An early example of a MEMS device is the resonant gate transistor. an adaptation of the MOSFET, developed by Harvey C. Nathanson in 1965.  Another early example is the resonistor. A monolithic electromechanical resonator patented by Raymond J. Wilfinger in 1966 and 1971. During the 1970s through the early 1980s. Various MOSFET microsensors were develop to measure physical, chemical, biological, and environmental parameters.
 

Types

 
There are two basic types of MEMS switching technology: capacitive and ohmic. A capacitive MEMS switch is develop using a moving plate or sensing element. Which changes capacitance. Ohmic switches are control by control cantilevers. Ohmic MEMS switches can fail. Due to metal fatigue of the MEMS actuator (cantilever) and contact wear. As the cantilevers can deform over time.
 

Materials for MEMS Fabrication

 
MEMS fabrication evolved from process technology in semiconductor device fabrication. That is, the basic techniques are material layer deposition. Photolithography patterning, and etching to produce the required shapes.
 
Silicon
 
Silicon is the material use to create. Most of the integrated circuits use in consumer electronics in modern industry. Economies of scale, the ready availability of high-quality. Inexpensive materials, and the ability to incorporate. Electronic functionality make silicon attractive for a wide variety of MEMS applications. Silicon also has important advantages derive from the properties of its materials. In single-crystal form, silicon is a perfect Hookean material. Meaning that when it is flex there is no hysteresis and thus almost no power dissipation. As well as achieving y repeatable motion. this also makes the silicon very reliable as it suffers from very little fatigue. And can have a service life in the range of billions to trillions of cycles without breaking. Silicon-based semiconductor nanostructures are becoming important in the field of microelectronics. And MEMS in particular. Silicon nanowires, made by thermal oxidation of silicon. Are of greatest interest in electrochemical conversion and storage. Including nanowire batteries and photovoltaic systems.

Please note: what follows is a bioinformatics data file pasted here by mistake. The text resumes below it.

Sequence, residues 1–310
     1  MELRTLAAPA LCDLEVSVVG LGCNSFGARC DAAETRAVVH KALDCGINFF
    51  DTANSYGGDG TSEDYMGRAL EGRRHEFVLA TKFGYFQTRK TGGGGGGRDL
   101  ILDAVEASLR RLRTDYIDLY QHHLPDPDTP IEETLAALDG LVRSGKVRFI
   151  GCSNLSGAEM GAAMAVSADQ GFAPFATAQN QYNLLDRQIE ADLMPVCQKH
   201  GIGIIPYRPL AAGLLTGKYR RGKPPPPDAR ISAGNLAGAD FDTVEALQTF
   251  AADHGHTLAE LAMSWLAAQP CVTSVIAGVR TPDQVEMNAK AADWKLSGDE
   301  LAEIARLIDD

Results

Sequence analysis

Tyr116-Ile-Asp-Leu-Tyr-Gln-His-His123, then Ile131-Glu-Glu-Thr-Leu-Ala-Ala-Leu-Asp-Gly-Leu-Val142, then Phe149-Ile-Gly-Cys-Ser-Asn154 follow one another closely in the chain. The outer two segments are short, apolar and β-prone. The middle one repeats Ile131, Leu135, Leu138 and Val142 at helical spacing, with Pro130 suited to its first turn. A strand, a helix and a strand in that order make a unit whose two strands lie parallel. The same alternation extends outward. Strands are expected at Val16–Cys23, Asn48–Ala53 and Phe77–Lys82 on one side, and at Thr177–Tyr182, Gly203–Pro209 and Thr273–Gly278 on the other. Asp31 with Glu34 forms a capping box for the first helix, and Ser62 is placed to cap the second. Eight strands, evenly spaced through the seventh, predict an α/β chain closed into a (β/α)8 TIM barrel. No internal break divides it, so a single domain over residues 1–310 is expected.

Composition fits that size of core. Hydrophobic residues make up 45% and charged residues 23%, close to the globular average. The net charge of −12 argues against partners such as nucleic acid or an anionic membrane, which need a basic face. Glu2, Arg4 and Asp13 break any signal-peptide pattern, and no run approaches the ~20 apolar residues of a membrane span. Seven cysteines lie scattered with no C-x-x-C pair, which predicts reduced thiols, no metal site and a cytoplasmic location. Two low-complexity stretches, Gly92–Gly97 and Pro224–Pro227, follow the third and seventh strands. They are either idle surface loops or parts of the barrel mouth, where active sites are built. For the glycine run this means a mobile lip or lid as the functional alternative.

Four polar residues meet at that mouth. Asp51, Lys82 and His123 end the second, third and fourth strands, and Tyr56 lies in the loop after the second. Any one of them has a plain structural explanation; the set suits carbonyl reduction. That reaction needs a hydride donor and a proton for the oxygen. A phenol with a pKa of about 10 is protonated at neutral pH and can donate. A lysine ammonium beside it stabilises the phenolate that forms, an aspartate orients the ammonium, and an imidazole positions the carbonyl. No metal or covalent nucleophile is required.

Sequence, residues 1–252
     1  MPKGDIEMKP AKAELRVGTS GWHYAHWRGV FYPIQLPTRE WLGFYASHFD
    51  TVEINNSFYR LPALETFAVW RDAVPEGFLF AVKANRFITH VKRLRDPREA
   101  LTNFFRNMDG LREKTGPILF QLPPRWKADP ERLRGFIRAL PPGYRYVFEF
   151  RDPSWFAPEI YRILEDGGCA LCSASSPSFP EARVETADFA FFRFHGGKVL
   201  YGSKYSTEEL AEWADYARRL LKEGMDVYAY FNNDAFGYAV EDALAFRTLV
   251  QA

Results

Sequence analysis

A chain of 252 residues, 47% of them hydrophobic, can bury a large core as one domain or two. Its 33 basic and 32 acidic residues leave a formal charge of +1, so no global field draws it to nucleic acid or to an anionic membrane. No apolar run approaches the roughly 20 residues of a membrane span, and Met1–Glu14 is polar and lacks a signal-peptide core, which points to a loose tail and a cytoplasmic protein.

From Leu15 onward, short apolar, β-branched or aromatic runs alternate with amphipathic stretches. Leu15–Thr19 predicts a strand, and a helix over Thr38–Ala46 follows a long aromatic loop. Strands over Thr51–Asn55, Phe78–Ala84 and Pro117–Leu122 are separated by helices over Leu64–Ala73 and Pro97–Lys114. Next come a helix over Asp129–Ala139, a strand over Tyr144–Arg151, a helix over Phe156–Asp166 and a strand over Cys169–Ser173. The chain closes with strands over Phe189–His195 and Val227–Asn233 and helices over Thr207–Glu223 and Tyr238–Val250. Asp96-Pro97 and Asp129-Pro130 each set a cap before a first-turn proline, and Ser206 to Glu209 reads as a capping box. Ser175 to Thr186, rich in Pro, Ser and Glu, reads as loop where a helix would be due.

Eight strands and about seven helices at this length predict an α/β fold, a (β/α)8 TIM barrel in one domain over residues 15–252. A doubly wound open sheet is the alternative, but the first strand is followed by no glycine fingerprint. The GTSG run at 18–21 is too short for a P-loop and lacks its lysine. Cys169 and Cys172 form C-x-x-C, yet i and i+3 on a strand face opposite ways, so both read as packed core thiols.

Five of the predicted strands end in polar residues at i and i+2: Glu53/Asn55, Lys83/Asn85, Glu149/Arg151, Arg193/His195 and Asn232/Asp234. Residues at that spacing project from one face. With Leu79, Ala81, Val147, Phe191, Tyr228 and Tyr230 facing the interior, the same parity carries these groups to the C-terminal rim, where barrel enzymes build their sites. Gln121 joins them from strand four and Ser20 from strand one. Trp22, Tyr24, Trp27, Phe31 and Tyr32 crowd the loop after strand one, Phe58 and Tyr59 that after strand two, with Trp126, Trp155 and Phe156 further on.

Polymers

 
Although the electronics industry provides economies of scale for the silicon industry. Crystalline silicon remains a complex and expensive material to produce. So, polymers can be produce in large volumes. With a wide variety of material characteristics. MEMS devices can be make from polymers by processes such as injection molding. Stamping, or stereo lithography and are particularly well suit for microfluidics applications. Such as disposable blood test cartridges.
 

Metals

 
Metals can also be use to create MEMS elements. While metals do not have some of the advantages. That silicon exhibits mechanical properties. When used within their limitations metals can exhibit very high degrees of reliability. Metals can be deposit by electroplating, evaporation, and sputtering processes. used metals include gold, nickel, aluminum, copper, chrome, titanium, tungsten, platinum, and silver.